А Battle Near Borzhimov


This print showing an intense close-combat battle surrounding a large artillery gun near Borzymów, Poland is from the collection of World War I lubok posters held at the British Library. The caption explains: “Starting December 20, the enemy launched a strong offensive along the Borzhimov-Bolimov line, concentrating considerable forces on the right bank of the Ravka River. In a series of attacks, the Germans tried to dislodge our troops from their positions. On the night of December 20, after fierce and persistent artillery firing throughout the day, dense columns of Germans attacked our trenches with bayonets. Our guns fired, sweeping away entire rows of the enemy and covering the battlefield with corpses. Despite heavy losses, the Germans persistently moved forward, supported by reserves. The moment arrived when we had to respond with hand-to-hand fighting. Our regiments, despite the advantage of the enemy forces, left the trenches and moved toward the enemy. A fierce fight ensued, which lasted for about an hour. German artillery and machine guns rattled continuously, merging into one general roar. Like steel lava, our regiments moved forward. The enemy did not expect to meet with such strong resistance, and began to retreat.” This picture, like many others in the collection, was printed in the Moscow printing house of Ivan Sytin (1851–1934). By the 1880s, Sytin was the most popular and successful publisher of lubok pictures in Russia. He also published cheap popular books for workers and peasants, textbooks, and literature for children. The quality of this print is much better than many images from other printing houses—more colors and shades are neatly matched and more small details are available for the viewer. Lubok is a Russian word for popular prints created from woodcuts, engravings, etchings, or later, by using lithography. The prints were often characterized by simple, colorful graphics depicting a narrative, and could also include text. During World War I, lubok informed Russians about events on the frontlines, bolstered morale, and served as propaganda against enemy combatants.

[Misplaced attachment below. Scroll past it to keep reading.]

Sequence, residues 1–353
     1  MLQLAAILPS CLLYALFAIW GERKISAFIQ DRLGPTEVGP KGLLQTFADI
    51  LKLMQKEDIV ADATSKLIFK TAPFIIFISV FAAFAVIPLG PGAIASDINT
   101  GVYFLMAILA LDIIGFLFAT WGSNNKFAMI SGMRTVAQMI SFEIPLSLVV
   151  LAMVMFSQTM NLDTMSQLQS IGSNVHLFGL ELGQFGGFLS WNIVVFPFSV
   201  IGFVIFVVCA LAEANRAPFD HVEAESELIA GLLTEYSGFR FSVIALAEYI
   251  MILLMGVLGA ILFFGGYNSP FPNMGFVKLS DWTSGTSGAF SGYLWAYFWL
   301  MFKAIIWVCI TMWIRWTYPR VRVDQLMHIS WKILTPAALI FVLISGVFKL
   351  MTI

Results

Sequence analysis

Last updated: July 23, 2015